Not really. I know the theory behind the thing, but you're going right over all of the things that matter.
How are the components wired together, or your entities and the systems? How do they know where to go and how to interact with things.
If a component is purely data, why would they be wired together? In which entities they go really depends on you. A component is just data that make up an entity. It represents the characteristics of an entity.
When you add killHistory, how is that hooked into the other entities so that it gets updated? What happens when things can die from not-damage?
The killHistory component was just a way to avoid direct communication between 2 different systems. In the example I've mentioned, the scoringSystem works on entities that have both a killHistory and score components. You could have a system directly communicate with another if you wanted to. If something can die from some other causes than damage, then you'd have an other system do logic for that. If a player can be poisoned, create a poisoningSystem which diminishes the health component if an entity also has a drugged component for example. It really is up to you. The mechanism is there for you to program using a data driven paradigm.
Edit all of the different things that can cause something else to die? No. The entire point of these structures is to make it that components can be added without going back and screwing around with existing ones.
Yes, components can be added, but using the requirements I have mentioned earlier, a system must also be in place to do logic based on these components. If you create component "foo" and there is no system that processes it, then there is no point. Systems apply logic depending on specific components they work with.
You don't spell out how these cascading effects actually align so they don't cause cycles or thrashing or work at all since they're order dependent. You don't spell out how components see state changes. Keeping the last known state is... no. Events just end up in some cascading ball of poo.
I have specific classes as the core of my engine that help out with these things. When I create a new system, I apply component requirements. This system will only process entities with these requirements. I then add this system in my system manager which works with my entity manager. The entity manager keeps track of "families" for each system. A family is a list of entities that have the proper components required by each registered system in the system manager. I also have an event manager that can run systems periodically, right away, or even in a certain order. For example, my rendering system is triggered by my event manager at a pace of 60 fps. As far as components seeing state changes... they don't. Again components have no logic what so ever. Systems see if entities have updated changes. I have yet to implement that as part of my core, but there are multiple ways to approach that problem depending on your engine architecture.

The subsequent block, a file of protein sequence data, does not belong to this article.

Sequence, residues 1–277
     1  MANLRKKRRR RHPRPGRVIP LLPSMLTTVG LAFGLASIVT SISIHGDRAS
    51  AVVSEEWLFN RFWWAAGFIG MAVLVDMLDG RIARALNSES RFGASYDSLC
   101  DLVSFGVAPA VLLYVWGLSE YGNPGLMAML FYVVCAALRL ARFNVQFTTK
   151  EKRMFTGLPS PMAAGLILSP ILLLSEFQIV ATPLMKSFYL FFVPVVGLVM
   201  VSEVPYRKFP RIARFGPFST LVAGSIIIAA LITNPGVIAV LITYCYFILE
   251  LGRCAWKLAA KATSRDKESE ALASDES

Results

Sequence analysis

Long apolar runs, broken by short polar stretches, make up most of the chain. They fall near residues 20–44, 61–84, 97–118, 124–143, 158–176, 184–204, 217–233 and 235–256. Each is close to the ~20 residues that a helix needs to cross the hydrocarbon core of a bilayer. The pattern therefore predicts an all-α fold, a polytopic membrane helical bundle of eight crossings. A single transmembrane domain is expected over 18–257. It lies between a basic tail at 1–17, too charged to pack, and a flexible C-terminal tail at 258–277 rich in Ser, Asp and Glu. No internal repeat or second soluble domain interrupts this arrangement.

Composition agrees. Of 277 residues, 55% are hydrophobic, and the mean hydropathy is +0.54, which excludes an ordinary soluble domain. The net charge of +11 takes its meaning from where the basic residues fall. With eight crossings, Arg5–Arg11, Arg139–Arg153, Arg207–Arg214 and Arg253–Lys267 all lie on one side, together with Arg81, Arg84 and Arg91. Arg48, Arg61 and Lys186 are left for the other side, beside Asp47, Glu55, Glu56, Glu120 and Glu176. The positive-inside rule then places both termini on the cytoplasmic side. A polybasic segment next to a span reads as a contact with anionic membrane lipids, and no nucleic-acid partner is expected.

Sorry to be curt
No problem, I'm just trying to help...
Determining what components were available to the entity via configuration, including tying all of the dependencies together.
I don't think I understand this. Only dependencies I have are component requirements for each system. I solved this using families (tracked in my entity manager).
Communicating between components within a common entity.
Again, communication can only happen where there is logic. Only systems can interacts with each other, though I try to avoid that so that each system only deals with itself instead of keeping references to other systems. Sometimes though, there is no way around it.
Exposing the aggregate functionality so that the entity was more than 'update this every frame or so' (unless you found that unnecessary)
I don't think I understand this either. An entity has no logic either. Systems update using my event manager. Either I run a system every certain intervals or immediately. For example, my rendering system has a octree sub-system to partition my space. When my even manager triggers my renderer to run @ an interval of 60fps, the renderer will ask the event manager to run the octree system once before rendering.
Right now, the existing code base is by and large a giant (both wide and deep) inheritance hierarchy, populated by string dictionaries and wired together with tin cans and string (generic ValueChanged events). This blows goats.
- Read some data that defines a device.
- Using that data, populate the features that the device can support. There are ~300 features, and for the sake of discussion, they share no natural traits. They all have various behaviors that need to be set and otherwise twiddled, and tend to interact with one another. A given device will almost always have >100 features. About 8 of them are on every device.
- Allow new configs, and new features that can be deployed independently of existing ones.
If a conventional OO design can do these things well, that would be awesome. But I don't see it. I also don't see how a component system can be implemented without getting into a giant grey gooey mess that is impossible to debug and fragile as hell.
I still have no idea what you're trying to do. What do you mean by device & features? Perhaps an entity system isn't the way to go? But without a clear understanding of what your goals are, I'm afraid I can't help much.
An entity system is useful for data driven applications. A game will have many assets and resources hence it is why an entity system is useful. A level designer or content creator can use tools. These tools create files that represent entities and their components. At load time, the engine parses the files and generates the entities and adds the correct components. It then registers everything, and if the systems are already in place to process these entities with these components, everything should run automatically.
Edited by french_hustler, 25 July 2012 - 11:33 PM.